In the first of our new series on tricky questions in mission, UFM mission worker, Rosie Crowter, highlights the importance of considering our own – and others’ – worldview…

One of the most challenging things in cross-cultural work is to take off our own cultural glasses and put on the worldview of the people we work amongst. All of us look at the world and even read the Bible from our own cultural understanding, with our own worldview spectacles on.

God is the creator of all peoples and cultures, as Acts 17:26 reminds us (“From one man he created all the nations throughout the whole earth”). There is not one culture that is right and all the others wrong. God has made them all, and all can be seen in the Bible.

And what a wonderful mix of people God has made in his image – people of every nation, tribe, colour and culture. He cares for each individual.

To connect and communicate with someone from another worldview, we need to see things as they see them. We need to grapple with how to connect God’s Word with the people we talk to – who may come from a completely different worldview.

It helps if we first know our own worldview.

  • For those in the West, that has traditionally been the guilt/innocence framework. Westerners tend to see right and wrong, to want honesty and justice. We see sin as disobedience to God.
  • Papua New Guinea (and African cultures) view the world and the Bible through a fear/power framework. Traditionally they live in fear – fear of the spirits and what they will do to them. They fear death and fear what others will do. They want power – power in society, power to heal sickness, power to be big men with much land and many women and pigs.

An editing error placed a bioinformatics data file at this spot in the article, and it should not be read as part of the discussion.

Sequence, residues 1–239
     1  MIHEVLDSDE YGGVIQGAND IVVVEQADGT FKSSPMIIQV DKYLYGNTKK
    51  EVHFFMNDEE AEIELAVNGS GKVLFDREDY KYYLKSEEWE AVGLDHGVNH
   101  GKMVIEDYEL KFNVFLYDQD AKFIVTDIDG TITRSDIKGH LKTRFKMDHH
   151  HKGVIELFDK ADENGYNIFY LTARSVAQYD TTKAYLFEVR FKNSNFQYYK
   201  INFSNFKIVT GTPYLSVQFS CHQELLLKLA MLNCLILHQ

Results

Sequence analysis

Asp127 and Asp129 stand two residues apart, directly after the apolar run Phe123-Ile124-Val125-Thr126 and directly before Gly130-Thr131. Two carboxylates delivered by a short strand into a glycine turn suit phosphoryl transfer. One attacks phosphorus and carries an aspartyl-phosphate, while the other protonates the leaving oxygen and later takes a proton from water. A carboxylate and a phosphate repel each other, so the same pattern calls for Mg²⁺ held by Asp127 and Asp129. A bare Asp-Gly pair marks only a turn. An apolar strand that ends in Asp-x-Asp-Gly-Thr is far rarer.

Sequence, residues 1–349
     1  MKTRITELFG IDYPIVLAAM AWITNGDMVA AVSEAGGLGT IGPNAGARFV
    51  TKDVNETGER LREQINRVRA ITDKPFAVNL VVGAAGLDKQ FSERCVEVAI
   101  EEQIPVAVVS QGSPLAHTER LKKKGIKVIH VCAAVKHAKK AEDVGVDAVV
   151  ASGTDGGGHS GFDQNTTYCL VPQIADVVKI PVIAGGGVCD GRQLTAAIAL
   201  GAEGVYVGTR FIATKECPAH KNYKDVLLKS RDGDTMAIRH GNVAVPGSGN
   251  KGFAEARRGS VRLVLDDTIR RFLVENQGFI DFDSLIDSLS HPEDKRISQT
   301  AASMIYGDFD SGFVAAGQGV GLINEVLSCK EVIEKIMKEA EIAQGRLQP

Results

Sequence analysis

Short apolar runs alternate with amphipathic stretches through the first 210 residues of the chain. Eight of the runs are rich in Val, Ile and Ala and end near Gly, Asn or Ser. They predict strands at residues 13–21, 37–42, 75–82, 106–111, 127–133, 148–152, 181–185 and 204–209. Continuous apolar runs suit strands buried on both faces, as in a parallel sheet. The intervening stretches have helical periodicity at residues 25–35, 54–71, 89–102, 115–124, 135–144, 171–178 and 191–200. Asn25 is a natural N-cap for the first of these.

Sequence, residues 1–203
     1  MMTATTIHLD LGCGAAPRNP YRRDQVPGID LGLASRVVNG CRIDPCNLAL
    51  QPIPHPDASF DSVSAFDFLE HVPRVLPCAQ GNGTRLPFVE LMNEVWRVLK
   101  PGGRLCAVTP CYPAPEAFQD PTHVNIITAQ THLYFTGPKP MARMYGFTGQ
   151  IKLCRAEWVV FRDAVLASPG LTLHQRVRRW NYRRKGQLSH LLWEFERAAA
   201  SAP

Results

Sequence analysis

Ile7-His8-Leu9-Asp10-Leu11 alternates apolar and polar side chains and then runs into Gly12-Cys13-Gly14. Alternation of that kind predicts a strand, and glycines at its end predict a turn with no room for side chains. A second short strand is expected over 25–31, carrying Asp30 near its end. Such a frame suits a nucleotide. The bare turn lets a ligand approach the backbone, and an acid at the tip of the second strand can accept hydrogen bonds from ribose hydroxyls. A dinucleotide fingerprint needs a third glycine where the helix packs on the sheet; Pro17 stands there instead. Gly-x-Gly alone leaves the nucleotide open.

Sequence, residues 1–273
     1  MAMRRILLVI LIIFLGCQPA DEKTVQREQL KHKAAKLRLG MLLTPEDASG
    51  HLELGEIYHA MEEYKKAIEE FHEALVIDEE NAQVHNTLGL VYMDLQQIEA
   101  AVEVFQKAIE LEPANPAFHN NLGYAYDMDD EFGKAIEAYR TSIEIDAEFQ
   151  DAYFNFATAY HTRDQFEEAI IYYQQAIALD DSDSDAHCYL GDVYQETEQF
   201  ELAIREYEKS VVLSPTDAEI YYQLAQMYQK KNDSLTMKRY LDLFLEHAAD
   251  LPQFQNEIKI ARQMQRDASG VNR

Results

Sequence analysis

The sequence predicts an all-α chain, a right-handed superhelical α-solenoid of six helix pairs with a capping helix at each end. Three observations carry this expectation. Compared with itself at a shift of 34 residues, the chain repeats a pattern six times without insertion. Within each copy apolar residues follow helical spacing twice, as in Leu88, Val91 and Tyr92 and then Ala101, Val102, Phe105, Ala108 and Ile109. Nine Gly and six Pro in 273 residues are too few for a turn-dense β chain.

• Many in Asian cultures wear honour/ shame glasses. The worst thing is to bring shame to people. Relational peace is very important – it was very shameful of Adam to reject the position God gave to him and in doing so break his relationship with his father God.


It’s not only our worldview that is different. Our upbringing, our personalities, our experiences, all contribute to shape how we see and respond to life situations. Sometimes the most challenging people to work with are those from the same world view as us, yet having different values and understandings and life experiences.

May we always remember God has made each person in his own image! We are all precious to him. Doesn’t that give us a glimpse of what a complex, intricate, creative, innovative God we serve? God longs for us to love and understand each other as he does us. And he has promised to give his wisdom to those who ask for it.

We can ask him to help us see each situation through the glasses of those we talk and work with – whatever culture they are from.

Many in our churches are from different backgrounds and understandings. Let us work to appreciate and understand each other so we can connect and share the different insights we have on God’s Word. God weaves a wonderful rich tapestry of people together. We can learn from each other and learn more of who God is.

Rosie Crowter works in Bible training in Papua New Guinea